I advised him to wait a few weeks until after the Israeli election; it will put Israel in a better position diplomatically with wavering members of the Democratic Party. I said that if he won the election, he would be received with much stronger support from the Democratic side in just a few weeks. But if he came now, he would further polarize bipartisan support and weaken the case, which needs Democratic support.

The annexation story has strong parallels, and the subject should be avoided in American politics as much as possible. If Trump losses the next election, a premature Israeli annexation may force the next Democratic president to impose consequences on Israel, especially if there is Democratic control of both chambers of Congress, a totally unnecessary and self-inflicted wound.

There is no imperative to annex now unless Israel believes that the move cannot be reversed in the future, which is not certain. Timing it to coincide with a Trump second term would be a much better strategy.

Dr. Eric R. Mandel is the director of MEPIN, the Middle East Political Information Network. He regularly briefs members of the U.S. Senate, House and their foreign-policy advisers. He is a columnist for “The Jerusalem Post” and a contributor to i24TV, “The Hill,” JTA and “The Forward.”

Israel’s Self-Destructive PR Must Change in its Next Government

{Previously published in The Jerusalem Post}

Wouldn’t be great if Isrotel worked with StandWithUs like El Al, to empower their employees, helping them to realize they are the face of Israel.

American supporters of Israel have complained for years that Israel’s public relations, hasbara, has been ineffective, counter-productive, and its importance for strengthening the US-Israeli relationship unappreciated by Israelis as a core national security interest.

This all came to mind during a wonderful weekend wedding at one of Israel’s leading hotels, when I went to breakfast and the only newspaper available to read was the Haaretz/New York Times edition. This was not the first time this has happened to me in Israel.
Haaretz’s Hebrew-language readership is dwarfed by other Israeli print dailies, but you would never know that if you were a visiting American tourist or English-speaking journalist staying at some of Israel’s many fine hotels, reading the Haaretz English edition that is combined with The New York Times, another paper that has a long history of harshly critical views of Israeli policy.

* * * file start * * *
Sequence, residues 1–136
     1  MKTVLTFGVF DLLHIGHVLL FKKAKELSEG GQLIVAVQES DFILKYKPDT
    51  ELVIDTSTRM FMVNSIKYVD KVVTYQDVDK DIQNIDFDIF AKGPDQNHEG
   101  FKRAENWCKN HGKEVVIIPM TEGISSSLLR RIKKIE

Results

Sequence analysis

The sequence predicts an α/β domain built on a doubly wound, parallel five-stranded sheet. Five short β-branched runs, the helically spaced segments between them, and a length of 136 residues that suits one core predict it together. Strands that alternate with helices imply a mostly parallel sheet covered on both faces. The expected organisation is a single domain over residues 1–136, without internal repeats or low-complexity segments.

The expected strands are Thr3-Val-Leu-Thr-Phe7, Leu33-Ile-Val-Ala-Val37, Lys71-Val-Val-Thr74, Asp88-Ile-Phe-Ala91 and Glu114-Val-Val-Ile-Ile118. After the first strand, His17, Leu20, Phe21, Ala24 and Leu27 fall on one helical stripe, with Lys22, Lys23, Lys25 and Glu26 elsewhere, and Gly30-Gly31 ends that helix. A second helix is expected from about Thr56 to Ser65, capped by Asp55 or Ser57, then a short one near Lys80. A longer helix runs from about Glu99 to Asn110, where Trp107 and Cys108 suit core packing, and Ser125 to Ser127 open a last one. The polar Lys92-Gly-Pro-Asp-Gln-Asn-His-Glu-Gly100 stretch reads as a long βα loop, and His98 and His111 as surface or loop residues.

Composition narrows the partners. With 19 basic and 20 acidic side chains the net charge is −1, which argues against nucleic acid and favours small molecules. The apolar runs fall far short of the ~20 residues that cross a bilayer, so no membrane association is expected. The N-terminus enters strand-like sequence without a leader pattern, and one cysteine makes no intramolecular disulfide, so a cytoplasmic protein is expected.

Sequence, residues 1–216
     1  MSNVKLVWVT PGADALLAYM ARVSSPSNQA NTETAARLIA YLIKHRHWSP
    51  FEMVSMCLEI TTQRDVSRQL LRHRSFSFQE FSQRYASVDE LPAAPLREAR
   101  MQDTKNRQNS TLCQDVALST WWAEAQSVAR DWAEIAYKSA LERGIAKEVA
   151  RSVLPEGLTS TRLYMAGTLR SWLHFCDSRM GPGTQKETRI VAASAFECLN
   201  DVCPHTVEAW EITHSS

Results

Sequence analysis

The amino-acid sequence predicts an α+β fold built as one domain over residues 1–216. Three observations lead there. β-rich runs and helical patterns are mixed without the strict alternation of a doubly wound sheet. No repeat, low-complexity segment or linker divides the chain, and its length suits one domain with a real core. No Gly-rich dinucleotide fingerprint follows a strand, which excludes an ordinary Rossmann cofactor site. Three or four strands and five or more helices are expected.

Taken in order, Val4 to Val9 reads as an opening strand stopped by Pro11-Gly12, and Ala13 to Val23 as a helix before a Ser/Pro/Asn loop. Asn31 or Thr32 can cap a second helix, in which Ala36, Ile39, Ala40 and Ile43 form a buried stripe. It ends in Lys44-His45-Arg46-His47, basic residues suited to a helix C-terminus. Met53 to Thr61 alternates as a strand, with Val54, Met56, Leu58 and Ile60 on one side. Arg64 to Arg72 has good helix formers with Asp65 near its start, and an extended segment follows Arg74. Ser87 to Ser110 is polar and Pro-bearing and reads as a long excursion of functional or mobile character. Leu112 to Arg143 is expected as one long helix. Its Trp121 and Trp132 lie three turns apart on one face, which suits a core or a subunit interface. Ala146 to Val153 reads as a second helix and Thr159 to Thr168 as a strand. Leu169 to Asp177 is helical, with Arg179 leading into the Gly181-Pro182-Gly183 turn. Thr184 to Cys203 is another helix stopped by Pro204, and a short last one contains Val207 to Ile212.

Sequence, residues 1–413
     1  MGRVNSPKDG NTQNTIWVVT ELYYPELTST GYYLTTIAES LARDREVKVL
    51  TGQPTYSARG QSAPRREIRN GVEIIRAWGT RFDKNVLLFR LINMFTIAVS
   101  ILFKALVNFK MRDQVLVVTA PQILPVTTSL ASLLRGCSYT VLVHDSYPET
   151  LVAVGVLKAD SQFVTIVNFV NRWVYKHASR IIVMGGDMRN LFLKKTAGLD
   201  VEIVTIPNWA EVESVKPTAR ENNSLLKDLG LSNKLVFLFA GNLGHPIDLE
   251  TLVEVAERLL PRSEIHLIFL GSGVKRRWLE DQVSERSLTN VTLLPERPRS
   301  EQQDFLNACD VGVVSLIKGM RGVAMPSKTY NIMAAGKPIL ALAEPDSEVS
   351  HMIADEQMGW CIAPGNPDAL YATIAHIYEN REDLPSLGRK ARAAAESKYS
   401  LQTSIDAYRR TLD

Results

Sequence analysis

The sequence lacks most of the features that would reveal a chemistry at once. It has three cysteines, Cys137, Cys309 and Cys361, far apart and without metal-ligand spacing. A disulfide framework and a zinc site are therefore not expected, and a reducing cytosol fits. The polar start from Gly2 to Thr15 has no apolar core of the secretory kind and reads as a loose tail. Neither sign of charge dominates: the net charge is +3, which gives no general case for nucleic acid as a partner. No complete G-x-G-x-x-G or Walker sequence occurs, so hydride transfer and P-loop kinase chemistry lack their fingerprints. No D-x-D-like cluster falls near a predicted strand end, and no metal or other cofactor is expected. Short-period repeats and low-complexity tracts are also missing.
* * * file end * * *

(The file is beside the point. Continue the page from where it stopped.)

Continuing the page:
Within Israel, the newspaper is widely known as being to the hard-left of the political spectrum, representative of a small segment of the Israeli population, although it is influential within Israeli academia and intelligentsia. It is a legitimate and important viewpoint, but not one representative of the majority of the Israeli people based upon election results and surveys over many years.

When an English-speaking journalist, organizational leader or businessperson visits Israel, if they receive only one critical viewpoint to start their day, does this matter? It does, and it is representative of the greater problem of Israel’s approach and investment in projecting a positive image, and explaining its policies to a world that is increasing hostile to its very right to exist.

There is little doubt that some of the news writers for Haaretz, not only its editorial and opinion-page journalists, are profoundly hostile to Israeli policy. When I brought this up with then chief political columnist, editorial writer and US bureau chief, Akiva Eldar, at his Haaretz office about 10 years ago, complaining that news articles shouldn’t be editorialized and should strive to present a factually balanced news story, he simply told me to go read another paper.

So when a hotel offers only Haaretz to its guests, it’s representative of a pervasive Israeli attitude that stretches from the halls of the Knesset to Israeli companies to the Prime Minister’s Office that they are indifferent or exasperated, that they need to continually plead to the world for understanding of their precarious situation.

But when you are a lonely democracy living in a very bad neighborhood, you’d better start caring.

Haaretz is a legitimate view of Israel but not the only one. If during your time in Israel when impressions are formed and this is the only newspaper you read, as it is for too many foreign journalists, it will present a distorted and biased view. In short, it feeds the echo chamber for those who see Israel responsible for all the problems of the Middle East and the Israeli-Palestinian Conflict – a brutal, undemocratic, colonialist occupier.

BUT FOCUSING the blame for bad public relations on Israeli businesses is just the tip of the iceberg, as Israel’s government has slashed its investment into its Foreign Ministry that is tasked with explaining its case to America and to an unsympathetic world. Instead of expanding and increasing consulates in the United States, there are plans to close consulates.

This month Israel ordered most of its overseas embassies to stop work due to a “grave deficit” of its Foreign Ministry budget.